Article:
Weeds as Indicators of Soil Conditions


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By Jessi Cinque

Advised by Dr. Mark Boudreau
presented 11 Nov 1996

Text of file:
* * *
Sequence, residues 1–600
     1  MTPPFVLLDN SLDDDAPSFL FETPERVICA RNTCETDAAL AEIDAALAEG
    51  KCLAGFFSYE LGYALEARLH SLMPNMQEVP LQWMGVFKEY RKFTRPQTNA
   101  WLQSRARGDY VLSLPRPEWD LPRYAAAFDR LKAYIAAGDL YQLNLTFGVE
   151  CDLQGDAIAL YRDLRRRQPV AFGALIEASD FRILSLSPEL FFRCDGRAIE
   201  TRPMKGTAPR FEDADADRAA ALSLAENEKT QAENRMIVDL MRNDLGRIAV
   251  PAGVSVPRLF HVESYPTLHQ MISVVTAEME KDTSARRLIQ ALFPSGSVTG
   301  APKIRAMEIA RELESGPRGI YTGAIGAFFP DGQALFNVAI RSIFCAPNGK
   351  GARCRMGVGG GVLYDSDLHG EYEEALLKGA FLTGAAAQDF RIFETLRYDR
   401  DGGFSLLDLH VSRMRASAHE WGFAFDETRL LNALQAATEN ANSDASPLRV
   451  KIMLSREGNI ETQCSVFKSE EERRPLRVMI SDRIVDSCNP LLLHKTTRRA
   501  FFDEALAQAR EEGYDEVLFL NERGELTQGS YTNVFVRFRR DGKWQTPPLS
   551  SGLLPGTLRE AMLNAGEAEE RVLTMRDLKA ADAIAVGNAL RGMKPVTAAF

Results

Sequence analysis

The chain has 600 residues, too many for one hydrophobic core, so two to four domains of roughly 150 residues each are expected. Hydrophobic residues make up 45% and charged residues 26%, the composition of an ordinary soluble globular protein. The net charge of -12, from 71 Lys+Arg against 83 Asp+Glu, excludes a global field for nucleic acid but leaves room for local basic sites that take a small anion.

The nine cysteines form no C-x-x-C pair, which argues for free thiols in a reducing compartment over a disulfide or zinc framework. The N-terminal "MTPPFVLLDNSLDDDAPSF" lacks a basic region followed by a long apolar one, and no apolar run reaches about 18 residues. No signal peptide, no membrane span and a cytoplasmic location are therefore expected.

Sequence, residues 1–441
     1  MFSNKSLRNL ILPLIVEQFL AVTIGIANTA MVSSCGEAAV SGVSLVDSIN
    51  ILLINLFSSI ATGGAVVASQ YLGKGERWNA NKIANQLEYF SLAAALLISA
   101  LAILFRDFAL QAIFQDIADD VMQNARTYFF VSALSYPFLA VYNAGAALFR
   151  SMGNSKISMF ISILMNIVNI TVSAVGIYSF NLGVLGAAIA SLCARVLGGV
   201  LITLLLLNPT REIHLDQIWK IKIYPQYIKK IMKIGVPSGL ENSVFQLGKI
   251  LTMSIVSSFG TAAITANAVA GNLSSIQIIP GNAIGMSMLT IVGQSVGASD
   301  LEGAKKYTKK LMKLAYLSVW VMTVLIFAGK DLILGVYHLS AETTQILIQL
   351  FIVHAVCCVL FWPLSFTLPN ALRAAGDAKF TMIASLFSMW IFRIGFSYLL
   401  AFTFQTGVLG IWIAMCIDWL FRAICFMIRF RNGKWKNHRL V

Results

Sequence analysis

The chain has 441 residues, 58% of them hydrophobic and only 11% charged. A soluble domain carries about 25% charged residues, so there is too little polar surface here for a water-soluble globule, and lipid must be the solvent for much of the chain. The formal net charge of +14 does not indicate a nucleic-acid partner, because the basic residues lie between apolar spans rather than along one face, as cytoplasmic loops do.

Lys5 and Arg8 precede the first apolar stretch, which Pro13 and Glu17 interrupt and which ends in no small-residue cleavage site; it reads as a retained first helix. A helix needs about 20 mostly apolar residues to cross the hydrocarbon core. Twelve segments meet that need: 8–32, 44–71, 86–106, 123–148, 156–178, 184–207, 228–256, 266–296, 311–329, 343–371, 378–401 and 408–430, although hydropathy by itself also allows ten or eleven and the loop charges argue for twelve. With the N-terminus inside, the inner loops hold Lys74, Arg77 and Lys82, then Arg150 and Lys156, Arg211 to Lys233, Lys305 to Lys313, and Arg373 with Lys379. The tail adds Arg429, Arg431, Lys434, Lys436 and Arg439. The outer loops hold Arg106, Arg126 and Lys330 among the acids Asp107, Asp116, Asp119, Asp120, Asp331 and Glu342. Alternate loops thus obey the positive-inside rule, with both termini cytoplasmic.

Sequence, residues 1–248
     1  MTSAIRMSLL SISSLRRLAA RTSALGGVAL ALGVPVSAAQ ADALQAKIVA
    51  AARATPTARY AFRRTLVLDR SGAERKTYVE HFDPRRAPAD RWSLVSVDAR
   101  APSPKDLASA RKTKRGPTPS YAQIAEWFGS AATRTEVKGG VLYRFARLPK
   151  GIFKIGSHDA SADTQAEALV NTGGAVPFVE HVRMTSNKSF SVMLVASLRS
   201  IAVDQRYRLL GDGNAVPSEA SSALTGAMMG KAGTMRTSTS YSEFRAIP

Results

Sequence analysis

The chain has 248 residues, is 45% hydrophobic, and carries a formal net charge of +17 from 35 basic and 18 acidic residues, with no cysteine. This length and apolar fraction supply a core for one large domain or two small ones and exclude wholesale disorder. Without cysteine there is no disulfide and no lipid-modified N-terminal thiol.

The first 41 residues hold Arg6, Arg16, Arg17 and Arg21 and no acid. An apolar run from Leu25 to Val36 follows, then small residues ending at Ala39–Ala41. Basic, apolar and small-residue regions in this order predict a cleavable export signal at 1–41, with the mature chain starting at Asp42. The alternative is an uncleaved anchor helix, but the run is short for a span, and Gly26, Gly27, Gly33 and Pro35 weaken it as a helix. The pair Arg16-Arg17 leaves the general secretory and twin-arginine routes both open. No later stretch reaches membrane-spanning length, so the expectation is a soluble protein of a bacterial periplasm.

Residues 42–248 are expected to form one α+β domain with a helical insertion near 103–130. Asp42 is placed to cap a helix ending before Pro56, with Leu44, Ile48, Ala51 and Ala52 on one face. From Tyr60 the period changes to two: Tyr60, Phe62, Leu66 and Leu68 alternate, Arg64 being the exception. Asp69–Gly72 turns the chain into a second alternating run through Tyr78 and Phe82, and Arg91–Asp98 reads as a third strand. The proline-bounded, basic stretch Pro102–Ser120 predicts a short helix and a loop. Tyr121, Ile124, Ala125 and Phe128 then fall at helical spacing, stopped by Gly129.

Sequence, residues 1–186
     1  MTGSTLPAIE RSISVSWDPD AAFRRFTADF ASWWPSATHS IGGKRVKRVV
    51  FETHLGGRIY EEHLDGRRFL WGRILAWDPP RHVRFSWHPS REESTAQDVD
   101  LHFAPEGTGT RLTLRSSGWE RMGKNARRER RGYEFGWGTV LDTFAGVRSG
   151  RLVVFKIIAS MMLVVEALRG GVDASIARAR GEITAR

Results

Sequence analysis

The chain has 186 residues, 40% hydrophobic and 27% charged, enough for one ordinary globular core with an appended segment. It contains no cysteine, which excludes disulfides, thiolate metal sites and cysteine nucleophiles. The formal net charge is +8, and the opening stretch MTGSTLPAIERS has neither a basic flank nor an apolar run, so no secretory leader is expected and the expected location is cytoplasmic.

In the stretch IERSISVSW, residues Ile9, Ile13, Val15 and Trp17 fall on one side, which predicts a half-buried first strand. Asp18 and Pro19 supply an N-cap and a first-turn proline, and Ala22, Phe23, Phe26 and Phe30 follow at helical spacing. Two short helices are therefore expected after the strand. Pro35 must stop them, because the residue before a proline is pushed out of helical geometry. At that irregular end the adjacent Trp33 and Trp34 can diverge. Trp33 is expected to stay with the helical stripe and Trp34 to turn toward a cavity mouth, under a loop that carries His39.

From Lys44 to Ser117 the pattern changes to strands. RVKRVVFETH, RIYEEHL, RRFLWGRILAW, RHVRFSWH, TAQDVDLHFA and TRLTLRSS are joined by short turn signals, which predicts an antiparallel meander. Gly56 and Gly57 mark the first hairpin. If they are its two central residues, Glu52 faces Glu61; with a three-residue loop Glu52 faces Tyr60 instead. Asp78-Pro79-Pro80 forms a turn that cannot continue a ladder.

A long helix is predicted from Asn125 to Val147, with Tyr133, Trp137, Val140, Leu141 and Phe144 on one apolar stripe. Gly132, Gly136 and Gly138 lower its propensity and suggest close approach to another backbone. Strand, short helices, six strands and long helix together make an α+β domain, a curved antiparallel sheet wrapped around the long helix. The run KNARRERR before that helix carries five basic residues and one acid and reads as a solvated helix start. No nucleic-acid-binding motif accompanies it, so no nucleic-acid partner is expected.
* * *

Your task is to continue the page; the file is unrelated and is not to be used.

Anecdotal information and farmer’s folklore suggest that weeds are indicative of specific soil conditions. However, little research has been done to evaluate these claims. The purpose of this study was to methodically test two suggestions: Chenopodium album (common lamb’s quarters) will indicate phosphorus levels; and presence of Polygonum persicaria (common lady’s thumb) will indicate low pH. A greenhouse study was conducted to test the hypothesis that there is a positive correlation between the growth of C. album and the amount of available phosphorus. Potted plants were grown with different levels of available phosphorus. Average weight gained was determined for each treatment; ANOVA and Turkey Multiple Comparisons were performed. The data from this study support the hypothesis, (p<0.01). A field study was conducted to test two other hypotheses. One, that there is a positive correlation between populations of C. album and available phosphorus; and two, test weeds, as well as all other weeds, were identified and counted. Simple linear regression was performed on plant populations versus soil parameters. The data collected do not support either hypothesis; however, a positive correlation between P. persicaria and pH was found (p=0.0543). Correlation was also determined between other weeds and available phosphorus and/or pH. There are countless variables in the field which likely account for variation in the data.